Parents struggle with decision to talk to children about Boston Marathon bombings
Experts: Kids experience anxiety, stress as well
People gather after two bombs exploded during the 117th Boston Marathon on April 15, 2013 in Boston, Massachusetts.
(Photo courtesy: Alex Trautwig/Getty Images)
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Last Updated: 232 days ago
Experts say talking to children about the deadly violence that erupted at the finish line of the Boston Marathon Tuesday afternoon varies by age. The explosions, which authorities are continuing to investigate, injured more than 140 and killed two people, including an 8-year-old.
Like their parents and teachers, children experience anxiety and stress when such events occur whether it’s down the street or across the nation.
The most important thing parents can do in the coming hours and days ahead is to talk to children, according to various school and child mental health websites.
Mental Health America and the National Association of School Psychologists offers these general tips for parents:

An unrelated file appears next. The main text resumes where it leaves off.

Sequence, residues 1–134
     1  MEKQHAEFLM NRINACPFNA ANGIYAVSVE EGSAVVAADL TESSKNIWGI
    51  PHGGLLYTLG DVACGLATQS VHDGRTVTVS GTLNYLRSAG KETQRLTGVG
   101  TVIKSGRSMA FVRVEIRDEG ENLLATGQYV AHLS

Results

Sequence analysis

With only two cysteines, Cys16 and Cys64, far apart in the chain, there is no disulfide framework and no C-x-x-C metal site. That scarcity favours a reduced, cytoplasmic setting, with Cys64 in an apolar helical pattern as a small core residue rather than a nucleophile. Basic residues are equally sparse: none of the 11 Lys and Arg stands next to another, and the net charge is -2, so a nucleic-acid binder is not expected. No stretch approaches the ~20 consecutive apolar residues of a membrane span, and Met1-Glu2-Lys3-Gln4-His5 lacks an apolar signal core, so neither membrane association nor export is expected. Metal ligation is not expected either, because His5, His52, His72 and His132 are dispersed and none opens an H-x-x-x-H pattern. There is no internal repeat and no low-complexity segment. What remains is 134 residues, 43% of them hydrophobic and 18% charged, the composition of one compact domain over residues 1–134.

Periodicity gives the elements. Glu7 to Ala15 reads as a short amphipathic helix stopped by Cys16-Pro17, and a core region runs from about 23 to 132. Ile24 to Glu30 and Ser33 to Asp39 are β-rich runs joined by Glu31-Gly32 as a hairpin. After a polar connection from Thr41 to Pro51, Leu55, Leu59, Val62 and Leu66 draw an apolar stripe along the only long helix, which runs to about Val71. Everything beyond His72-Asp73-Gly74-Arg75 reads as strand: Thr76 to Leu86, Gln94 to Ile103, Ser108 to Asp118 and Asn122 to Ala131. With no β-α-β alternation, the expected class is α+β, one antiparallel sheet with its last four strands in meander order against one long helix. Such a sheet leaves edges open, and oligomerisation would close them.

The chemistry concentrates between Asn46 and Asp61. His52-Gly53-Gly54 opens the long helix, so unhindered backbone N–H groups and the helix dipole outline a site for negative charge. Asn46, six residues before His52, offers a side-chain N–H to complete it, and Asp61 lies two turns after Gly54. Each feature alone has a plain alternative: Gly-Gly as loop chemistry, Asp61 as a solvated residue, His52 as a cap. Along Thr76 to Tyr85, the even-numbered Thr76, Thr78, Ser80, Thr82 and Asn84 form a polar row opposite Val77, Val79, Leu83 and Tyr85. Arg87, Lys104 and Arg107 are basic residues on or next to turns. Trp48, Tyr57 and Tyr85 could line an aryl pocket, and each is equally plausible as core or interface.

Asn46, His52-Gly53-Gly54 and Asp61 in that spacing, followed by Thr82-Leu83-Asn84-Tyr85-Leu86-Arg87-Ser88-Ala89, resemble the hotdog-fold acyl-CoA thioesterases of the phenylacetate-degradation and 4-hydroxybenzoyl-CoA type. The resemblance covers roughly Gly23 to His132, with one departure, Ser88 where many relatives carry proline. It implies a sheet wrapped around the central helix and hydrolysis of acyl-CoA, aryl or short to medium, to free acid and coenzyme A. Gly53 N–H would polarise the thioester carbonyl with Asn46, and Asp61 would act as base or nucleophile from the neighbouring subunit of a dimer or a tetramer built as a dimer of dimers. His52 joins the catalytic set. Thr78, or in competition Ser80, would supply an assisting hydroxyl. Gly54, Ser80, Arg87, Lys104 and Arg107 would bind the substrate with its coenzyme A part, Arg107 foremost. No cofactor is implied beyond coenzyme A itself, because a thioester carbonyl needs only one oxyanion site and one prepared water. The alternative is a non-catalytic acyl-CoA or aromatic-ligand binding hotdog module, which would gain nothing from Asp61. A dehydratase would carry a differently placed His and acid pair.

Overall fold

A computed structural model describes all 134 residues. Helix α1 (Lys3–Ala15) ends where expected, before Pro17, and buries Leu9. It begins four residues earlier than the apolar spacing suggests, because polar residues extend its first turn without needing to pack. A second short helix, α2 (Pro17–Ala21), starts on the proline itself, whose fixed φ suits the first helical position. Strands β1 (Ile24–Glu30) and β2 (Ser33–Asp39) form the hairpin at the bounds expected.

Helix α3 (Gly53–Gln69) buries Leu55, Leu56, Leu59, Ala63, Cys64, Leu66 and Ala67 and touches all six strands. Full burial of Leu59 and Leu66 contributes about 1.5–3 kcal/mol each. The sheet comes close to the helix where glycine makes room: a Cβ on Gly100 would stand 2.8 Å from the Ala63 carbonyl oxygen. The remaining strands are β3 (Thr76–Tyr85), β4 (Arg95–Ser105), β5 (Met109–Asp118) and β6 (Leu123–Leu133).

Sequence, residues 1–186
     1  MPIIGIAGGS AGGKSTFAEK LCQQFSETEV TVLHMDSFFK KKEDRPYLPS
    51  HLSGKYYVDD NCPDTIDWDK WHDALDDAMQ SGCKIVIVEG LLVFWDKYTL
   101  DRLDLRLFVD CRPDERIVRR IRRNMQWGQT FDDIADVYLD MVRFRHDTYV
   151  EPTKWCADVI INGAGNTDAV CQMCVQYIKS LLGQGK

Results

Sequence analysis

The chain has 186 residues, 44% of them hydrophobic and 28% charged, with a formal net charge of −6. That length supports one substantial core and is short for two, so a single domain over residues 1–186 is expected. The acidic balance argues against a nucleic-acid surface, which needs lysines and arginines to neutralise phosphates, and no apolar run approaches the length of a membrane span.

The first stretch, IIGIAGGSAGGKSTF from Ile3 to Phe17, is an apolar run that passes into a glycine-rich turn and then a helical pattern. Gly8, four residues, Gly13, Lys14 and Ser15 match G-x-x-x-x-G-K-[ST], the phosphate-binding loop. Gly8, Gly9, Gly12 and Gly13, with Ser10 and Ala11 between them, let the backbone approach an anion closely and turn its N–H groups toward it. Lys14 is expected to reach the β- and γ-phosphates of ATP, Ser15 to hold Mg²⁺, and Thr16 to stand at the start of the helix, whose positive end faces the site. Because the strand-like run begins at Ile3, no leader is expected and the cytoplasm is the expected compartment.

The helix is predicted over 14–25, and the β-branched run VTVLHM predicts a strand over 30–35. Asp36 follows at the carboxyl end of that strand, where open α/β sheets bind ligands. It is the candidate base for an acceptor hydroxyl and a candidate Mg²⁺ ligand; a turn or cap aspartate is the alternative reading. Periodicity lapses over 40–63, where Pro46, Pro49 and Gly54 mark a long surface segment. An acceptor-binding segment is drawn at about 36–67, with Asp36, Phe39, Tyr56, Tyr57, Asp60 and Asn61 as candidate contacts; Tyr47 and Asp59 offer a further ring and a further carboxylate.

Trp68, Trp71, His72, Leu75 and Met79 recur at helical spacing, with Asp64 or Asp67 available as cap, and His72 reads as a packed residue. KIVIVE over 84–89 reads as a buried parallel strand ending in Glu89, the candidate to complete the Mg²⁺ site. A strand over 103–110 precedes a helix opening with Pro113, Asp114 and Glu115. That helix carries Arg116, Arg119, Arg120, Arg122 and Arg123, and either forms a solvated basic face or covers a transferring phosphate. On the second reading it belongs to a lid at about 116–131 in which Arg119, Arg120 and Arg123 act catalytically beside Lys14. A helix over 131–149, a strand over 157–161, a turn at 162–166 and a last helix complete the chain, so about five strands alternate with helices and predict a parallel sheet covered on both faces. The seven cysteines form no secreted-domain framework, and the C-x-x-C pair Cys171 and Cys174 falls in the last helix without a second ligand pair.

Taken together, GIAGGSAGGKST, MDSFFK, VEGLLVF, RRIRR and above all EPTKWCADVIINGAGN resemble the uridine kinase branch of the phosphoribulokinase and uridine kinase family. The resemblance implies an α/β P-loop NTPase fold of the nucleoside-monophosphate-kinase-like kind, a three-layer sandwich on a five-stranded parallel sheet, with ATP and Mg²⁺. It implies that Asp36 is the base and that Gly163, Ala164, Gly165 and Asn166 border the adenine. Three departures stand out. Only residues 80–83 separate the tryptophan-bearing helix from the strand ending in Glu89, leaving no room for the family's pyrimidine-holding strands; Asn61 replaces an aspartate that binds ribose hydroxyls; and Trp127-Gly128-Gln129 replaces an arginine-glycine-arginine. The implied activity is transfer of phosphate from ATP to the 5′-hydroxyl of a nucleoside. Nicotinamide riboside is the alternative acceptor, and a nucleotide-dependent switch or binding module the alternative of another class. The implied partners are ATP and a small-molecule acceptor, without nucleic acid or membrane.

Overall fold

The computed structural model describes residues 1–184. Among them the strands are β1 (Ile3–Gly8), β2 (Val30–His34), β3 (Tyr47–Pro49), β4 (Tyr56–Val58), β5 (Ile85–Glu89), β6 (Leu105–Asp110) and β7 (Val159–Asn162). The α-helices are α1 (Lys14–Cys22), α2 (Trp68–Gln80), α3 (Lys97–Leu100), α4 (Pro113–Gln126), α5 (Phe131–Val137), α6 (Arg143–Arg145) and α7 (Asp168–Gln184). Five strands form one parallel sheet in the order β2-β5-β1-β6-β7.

- • Reassure children they are safe: Look for clues that kids want to talk and let them talk freely and help them talk when they are ready. Make time to talk or look for other outlets – like writing, drawing or coloring especially for younger children.
- • Be honest and open, being mindful of the age of children.
- • Turn off the TV and Internet: Limit viewing as the images and discussion may be too advanced for some children, depending on their age. Be careful of your language when discussing the events – trying to provide facts and not language of vengeance, hate or anger.
- • Look for any changes in kids’ emotions: Some tragedies may trigger chances in sleeping, behavior or appetite. If you are concerned that children are having trouble with the information, you can seek the help of a mental health professional.
- • Maintain normal routines: Try to maintain your daily routines as much as possible, including that children get plenty of sleep, eat regular meals and exercise.
The National Association of School Psychologists http://www.nasponline.org/resources/crisis_safety/talkingviolence.pdf
Coping with Tragedy from the California Department of Education http://www.cde.ca.gov/ls/ss/cp/tragedy.asp
Share my lesson (a website for teachers) http://www.sharemylesson.com/teaching-resource/Talking-to-Children-About-Violence-50007528 (pdf available in various languages)
Save the Children: How to Help Children Cope with a Crisis:
On Good Morning America Tuesday, Dr. Janet Taylor and Dr. Sebastian Schubl reviewed how to discuss terrorism with children.
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